At playgroups with other ex-pat mums we look at each other in sympathy and go round in circles asking each other the same questions, “should we go home?”, “how long can it last?”, “surely if they’ve been vaccinated they can come?”. There’s some comfort in the collective suffering, I know I am not alone in my anguish. To my parents and in-laws, I send daily videos of our daughters desperate to capture this time for them, their funny little personalities so silly and care-free. My mother-in-law says they make her laugh and cry in equal measure. I scan the internet and sign petitions entitled “Let grandparents be exempt from Australia’s travel ban”. My friends and I Whats app each other links to news articles: “they say there will be travel in October!”, “now it’s Christmas!”. But as each deadline looms and falls away we’re left feeling worse than before, asking ourselves “how long, is long enough?”. At nighttime awake feeding my daughter, I let my mind go to the places I keep portioned off in the day and send silent prayers that it will end.

While I know I’m extremely lucky to live in Australia during a pandemic that has ravaged the world, there’s a special kind of grief that comes with knowing your family will never see certain stages of your child’s life, except on video screens.  To some, “grief” may feel like a strong word to use especially when I have friends who’ve lost people during the pandemic – a pain far more unimaginable – but ours is a “living grief” – a mourning for times and moments that we’ll never get back. Mary Hoang – author of Darkness is Golden and head psychologist & founder of The Indigo Project, says, “Living grief is a kind of weighty and confusing loss played out in real time. It’s an ambiguous type of grief that’s not widely acknowledged, however it leaves us saddled with the loss of experiences, relationships and an envisioned future that we recognise is no longer possible – at least, not in the way we once might have imagined. The pandemic has left us acknowledging lost experiences, celebrations, work opportunities and connections, such as travel, festivals, weddings, parties and reunions.”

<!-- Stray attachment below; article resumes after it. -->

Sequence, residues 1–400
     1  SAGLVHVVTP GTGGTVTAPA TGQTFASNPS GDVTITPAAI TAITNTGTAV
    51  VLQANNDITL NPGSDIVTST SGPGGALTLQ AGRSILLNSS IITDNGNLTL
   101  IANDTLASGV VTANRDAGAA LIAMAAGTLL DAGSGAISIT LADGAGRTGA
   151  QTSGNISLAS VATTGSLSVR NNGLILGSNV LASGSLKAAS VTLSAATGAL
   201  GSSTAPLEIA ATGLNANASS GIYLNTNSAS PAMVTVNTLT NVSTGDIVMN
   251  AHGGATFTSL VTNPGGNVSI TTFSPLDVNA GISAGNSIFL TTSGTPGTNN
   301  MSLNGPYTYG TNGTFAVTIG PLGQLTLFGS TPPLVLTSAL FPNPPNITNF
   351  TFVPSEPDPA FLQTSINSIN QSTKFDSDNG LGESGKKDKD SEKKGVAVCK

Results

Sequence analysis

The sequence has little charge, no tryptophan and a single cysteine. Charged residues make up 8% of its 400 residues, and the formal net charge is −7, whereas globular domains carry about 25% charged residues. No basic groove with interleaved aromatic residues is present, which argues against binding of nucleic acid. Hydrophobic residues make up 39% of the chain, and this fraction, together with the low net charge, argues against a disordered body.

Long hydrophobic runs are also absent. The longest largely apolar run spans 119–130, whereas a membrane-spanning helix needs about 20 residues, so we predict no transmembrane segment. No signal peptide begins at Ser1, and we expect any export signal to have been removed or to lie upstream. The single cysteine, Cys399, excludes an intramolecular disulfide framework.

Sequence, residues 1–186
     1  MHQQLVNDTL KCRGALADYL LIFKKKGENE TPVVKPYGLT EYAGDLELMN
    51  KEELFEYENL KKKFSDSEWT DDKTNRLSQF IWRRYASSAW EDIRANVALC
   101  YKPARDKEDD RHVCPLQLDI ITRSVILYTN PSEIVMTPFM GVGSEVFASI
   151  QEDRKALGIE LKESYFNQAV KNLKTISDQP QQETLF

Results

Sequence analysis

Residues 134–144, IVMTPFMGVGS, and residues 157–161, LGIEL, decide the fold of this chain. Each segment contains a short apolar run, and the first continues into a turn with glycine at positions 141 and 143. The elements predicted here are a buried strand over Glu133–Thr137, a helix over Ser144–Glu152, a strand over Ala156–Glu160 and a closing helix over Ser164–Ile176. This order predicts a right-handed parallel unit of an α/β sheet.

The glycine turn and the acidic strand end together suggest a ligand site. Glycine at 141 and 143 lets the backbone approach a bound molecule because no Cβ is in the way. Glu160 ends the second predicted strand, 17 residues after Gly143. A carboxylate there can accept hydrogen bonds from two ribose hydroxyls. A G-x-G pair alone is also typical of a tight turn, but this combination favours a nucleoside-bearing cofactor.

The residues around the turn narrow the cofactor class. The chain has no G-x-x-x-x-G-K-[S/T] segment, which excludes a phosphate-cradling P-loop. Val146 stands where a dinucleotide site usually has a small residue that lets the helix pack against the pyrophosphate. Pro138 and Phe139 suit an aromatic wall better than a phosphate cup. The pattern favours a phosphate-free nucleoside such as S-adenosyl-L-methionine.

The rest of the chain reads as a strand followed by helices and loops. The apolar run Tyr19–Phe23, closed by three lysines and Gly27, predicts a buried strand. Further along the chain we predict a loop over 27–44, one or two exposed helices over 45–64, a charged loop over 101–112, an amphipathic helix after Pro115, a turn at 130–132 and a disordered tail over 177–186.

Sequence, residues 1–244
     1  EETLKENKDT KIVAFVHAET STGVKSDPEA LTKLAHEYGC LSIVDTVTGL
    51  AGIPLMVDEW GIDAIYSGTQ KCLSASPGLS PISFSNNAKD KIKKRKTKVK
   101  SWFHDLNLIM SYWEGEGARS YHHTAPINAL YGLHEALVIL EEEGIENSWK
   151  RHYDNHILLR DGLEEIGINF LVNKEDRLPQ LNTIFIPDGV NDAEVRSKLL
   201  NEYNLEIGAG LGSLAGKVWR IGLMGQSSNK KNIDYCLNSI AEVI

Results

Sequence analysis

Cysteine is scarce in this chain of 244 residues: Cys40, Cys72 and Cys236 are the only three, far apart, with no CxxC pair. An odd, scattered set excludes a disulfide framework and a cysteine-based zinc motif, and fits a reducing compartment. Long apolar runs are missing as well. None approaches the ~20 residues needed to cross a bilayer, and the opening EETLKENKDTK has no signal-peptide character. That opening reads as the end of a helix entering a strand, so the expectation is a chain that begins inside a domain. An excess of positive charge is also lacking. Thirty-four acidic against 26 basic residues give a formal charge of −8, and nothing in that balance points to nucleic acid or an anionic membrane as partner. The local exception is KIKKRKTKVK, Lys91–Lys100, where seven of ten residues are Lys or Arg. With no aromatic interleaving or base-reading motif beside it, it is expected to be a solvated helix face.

Rather than just tuck our feelings away and take the “it is what it is” approach Hoang gives us permission to feel all the feels. “Firstly we must give ourselves permission to treat these lost experiences and lost moments of connection as a loss. We often put conditions on grief – as if it’s only reserved for those in the wake of death. However, these experiences of loss are real, they hurt and they deserve to be honoured. Do not bully yourself to “feel better” or “get over it”, as these approaches rarely work. Gently check in with yourself at different points of the day and ask how you might support yourself through these deeper feelings. Are there gestures of kindness you might show yourself – such as time out to breathe, making a freshly brewed pot of tea or a warm, relaxing bath? Are there opportunities for you to share your feelings – perhaps through journalling or talking to a close friend or therapist?”

Like many migrants, we’ve dealt with the guilt of not living close to family by ping-ponging back and forth every year and convincing ourselves that the time we do spend together is quality time – our hearts caught between two countries, the place we were born in and the adopted country we’ve made a life in. But with the on-going uncertainty of border closures and outbreaks cropping up, my husband and I are talking about the very real possibility that we may have to return home and give up the life we’ve spent eight years building.

And so, if acceptance and hope are the seventh stage of grieving, then I must accept that my parents won’t ever see my daughter as a baby, or watch my two-year-old perform Frozen IRL (a dubious loss some might say). But I’m asking Mr Morrison to meet me halfway and give us what we all really need now, hope, real hope that these aren’t empty promises and that he has a timeline for this to end swiftly – and that when it does those hugs with our families will be the sweetest and warmest we’ve ever felt.

Laura Evans is a freelance writer.